McCaul: Help should be phone call away
McCaul: Help should be phone call away
12 September 2011
published by www.kxan.com
USA — One of two DC-10s and half of the military’s fleet of C-130s are now pre-positioned in Texas to fight wildfires. This comes after some concerns about delayed response to the Bastrop fires last week.
The aircraft are now at Austin-Bergstrom International Airport and will remain there while the fire danger remains high.
“The DC-10 got here in time to put out the fire just west of Houston but unfortunately not for Bastrop, and that’s something I’m going to chair oversight hearings on Homeland Security to get to the bottom of why can’t we more rapidly deploy?” Congressman Michael McCaul, R-Austin, said Monday at ABIA .
The DC-10 is used to drop retardant around the fire area to prevent it from spreading more. The aircraft arrived last week but sat at the airport because the pilots needed the FAA-mandated two-day downtime after a full two weeks of flying, fighting fires in California.
McCaul chairs the Congressional subcommittee that oversees all Department of Homeland Security operations. One of his main concerns is with the National Forest Service not having an exclusive contract with 10 Tanker, which owns the DC-10, or other private firefighting services.
The congressman said exclusive use agreements would ensure long-term use of such aircraft to fight fires, meaning the company would have money to hire extra crews to be on standby, not to mention having fire retardant systems ready to go near fire-prone areas.
McCaul also questioned the bureacracy between FEMA , the Obama administration, and the state of Texas, saying the process between the three delayed the process by a couple of days.
While everyone has worked feverishly to save lives and property, I am greatly concerned by the cumbersome protocols in place for requesting assistance, McCaul said. In my estimation, they prevented firefighting assets from being utilized, even when fires were at zero percent containment and people were desperate.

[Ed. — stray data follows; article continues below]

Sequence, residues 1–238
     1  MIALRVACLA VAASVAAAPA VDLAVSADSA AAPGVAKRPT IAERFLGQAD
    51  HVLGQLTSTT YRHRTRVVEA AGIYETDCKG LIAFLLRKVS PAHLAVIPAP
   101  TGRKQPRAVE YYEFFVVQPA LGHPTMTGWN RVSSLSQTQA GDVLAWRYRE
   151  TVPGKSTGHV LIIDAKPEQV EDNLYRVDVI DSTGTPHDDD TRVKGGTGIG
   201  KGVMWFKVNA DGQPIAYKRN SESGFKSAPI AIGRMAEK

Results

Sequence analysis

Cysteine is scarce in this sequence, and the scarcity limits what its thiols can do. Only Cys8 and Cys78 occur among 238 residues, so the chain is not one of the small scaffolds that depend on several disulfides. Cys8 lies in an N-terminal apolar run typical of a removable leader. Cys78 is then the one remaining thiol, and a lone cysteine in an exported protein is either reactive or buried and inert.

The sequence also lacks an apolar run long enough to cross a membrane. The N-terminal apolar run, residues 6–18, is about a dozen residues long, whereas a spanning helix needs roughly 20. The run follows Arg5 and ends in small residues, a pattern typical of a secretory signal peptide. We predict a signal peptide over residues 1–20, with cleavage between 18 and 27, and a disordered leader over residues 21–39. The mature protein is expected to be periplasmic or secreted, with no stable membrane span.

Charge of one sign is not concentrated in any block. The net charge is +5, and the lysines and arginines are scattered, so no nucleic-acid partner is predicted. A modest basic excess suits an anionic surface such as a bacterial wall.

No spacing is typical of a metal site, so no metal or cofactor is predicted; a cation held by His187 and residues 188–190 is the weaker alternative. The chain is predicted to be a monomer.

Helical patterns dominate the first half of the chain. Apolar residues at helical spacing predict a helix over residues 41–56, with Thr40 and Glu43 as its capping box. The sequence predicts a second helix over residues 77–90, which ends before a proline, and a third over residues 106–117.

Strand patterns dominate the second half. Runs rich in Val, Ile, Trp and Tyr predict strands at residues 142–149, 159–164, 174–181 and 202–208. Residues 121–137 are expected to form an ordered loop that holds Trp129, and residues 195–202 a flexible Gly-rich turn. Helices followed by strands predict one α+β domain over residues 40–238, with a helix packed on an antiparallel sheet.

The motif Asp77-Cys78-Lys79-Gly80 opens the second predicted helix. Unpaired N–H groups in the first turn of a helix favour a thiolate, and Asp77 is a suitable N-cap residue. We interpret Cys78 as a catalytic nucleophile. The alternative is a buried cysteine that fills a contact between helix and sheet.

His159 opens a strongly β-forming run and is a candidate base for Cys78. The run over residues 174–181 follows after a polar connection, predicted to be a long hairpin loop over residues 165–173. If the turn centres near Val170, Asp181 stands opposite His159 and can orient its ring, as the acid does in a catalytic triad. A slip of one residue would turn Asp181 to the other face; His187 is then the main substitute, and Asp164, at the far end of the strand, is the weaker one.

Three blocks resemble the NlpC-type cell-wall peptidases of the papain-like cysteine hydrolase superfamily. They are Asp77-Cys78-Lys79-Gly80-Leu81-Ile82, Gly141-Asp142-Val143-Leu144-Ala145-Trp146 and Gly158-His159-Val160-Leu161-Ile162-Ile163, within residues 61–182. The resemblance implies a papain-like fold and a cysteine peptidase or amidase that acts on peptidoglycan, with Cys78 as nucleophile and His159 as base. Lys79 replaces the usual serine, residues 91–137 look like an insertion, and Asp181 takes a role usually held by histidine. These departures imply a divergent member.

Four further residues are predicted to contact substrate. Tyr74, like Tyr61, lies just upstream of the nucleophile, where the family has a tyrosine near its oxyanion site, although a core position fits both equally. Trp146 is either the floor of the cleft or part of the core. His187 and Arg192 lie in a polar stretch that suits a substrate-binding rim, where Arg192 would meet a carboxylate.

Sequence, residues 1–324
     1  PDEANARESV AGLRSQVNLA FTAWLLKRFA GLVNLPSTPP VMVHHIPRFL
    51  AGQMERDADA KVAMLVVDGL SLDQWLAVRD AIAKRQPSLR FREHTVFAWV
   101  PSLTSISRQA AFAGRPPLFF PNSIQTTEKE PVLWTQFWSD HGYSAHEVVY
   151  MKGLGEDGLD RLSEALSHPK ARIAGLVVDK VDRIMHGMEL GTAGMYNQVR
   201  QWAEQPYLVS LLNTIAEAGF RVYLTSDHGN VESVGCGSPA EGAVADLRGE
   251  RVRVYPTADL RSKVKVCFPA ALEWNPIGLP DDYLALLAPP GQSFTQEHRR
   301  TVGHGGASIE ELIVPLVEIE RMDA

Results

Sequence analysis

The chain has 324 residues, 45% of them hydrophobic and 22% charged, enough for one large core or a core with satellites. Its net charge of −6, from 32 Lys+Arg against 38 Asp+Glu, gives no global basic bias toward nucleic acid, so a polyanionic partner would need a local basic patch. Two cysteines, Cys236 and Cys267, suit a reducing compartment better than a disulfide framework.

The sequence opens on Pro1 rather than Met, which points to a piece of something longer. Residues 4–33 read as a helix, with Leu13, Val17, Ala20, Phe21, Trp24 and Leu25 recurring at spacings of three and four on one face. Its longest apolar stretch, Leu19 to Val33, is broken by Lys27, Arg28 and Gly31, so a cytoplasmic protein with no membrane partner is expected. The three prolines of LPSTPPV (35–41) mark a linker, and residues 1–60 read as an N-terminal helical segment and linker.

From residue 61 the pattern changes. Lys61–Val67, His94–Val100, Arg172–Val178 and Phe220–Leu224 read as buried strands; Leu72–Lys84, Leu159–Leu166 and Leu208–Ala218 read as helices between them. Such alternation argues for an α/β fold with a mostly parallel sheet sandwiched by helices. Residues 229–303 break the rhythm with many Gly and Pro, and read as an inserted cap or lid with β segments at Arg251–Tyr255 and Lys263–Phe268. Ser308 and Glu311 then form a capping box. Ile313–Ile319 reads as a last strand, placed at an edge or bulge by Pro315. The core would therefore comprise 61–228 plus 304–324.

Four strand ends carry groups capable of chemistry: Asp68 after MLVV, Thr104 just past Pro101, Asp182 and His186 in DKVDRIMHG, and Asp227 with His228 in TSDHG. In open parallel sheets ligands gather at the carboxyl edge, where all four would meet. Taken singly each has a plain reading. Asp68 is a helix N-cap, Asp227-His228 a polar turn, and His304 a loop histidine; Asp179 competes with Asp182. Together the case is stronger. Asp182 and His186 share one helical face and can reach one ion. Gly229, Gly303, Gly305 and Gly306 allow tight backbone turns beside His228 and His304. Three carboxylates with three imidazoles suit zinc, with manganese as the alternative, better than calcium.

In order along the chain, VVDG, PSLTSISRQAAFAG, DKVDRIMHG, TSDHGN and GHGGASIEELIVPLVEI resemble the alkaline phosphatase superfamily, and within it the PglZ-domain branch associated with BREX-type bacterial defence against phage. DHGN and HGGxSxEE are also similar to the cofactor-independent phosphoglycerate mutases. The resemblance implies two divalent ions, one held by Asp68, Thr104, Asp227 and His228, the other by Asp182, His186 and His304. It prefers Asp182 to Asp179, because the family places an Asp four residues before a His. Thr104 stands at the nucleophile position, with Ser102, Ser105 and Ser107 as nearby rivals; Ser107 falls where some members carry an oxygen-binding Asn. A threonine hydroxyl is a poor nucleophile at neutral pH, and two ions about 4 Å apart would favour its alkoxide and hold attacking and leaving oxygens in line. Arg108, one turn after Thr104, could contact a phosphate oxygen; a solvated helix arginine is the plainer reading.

“Help should be a phone call away, not an act of Congress.
Congressman Lloyd Doggett disputed any assertion that the federal response was muddled.
“Who could object to streamlining the process, but the problem here is not lack of streamlining but an excess of grandstanding,” said Doggett, an Austin Democrat. “There was no confusion. The governor knew full well that no Bastrop-specific application had been filed.”
On Monday, Gov. Rick Perry’s office reiterated its request from July to expand the partial Major Disaster Declaration that President Barack Obama approved for April’s wildfires in Texas. That request is still pending.
“It would have covered ongoing costs, even for the last week,” said Perry’s spokeswoman Lucy Nashed.
As for a new request for last week’s wildfires, Nashed said Perry and U.S. Homeland Security Secretary Janet Napolitano spoke on Tuesday about the need for assistance, followed by a phone call from Obama to Perry on Wednesday that assured Texas would receive federal help.
Perry’s office said he wrote Obama a letter after the phone call to make that need clear. As acting governor on Tuesday (because Perry was out-of-state), Lt. Gov. David Dewhurst wrote a separate letter to the president to continue the conversation, then a second letter on Friday with the completed application and supporting documentation for the federal declaration. Obama approved the request just hours later that evening.
“We needed to get things under control first and to assess the situation,” Nashed said as to the reason Perry did not submit the application sooner.
The wildfire in Bastrop is still not completely contained and has destroyed 1,554 homes and killed two people.
“With the homeless remaining unassisted for five days, the State finally submitted a Bastrop specific application, which received near immediate federal approval,” Doggett said, when speaking about the delay.
As for firefighting resources now available, the DC-10 is the largest tanker in the world. It can hold roughly 12,000 gallons of the water/retardant mix.
According to the Texas Forest Service, the last time the aircraft was used was in April for the 158,000-acre Wildcat Fire north of San Angelo. This past weekend, it flew eleven missions to fight fires near Houston.
It can cover an area about 500 feet wide by three-quarters of mile long, said TFS spokesman Nick Harrison. But it doesn’t always get that much, depending on the wind and the amount of timber it needs to cover.
With the drought conditions the way they are for six months and up to a year, it’s foreseeable we’re going to have more and more of these fires, but the good news is now we have these assets to respond rapidly, McCaul added.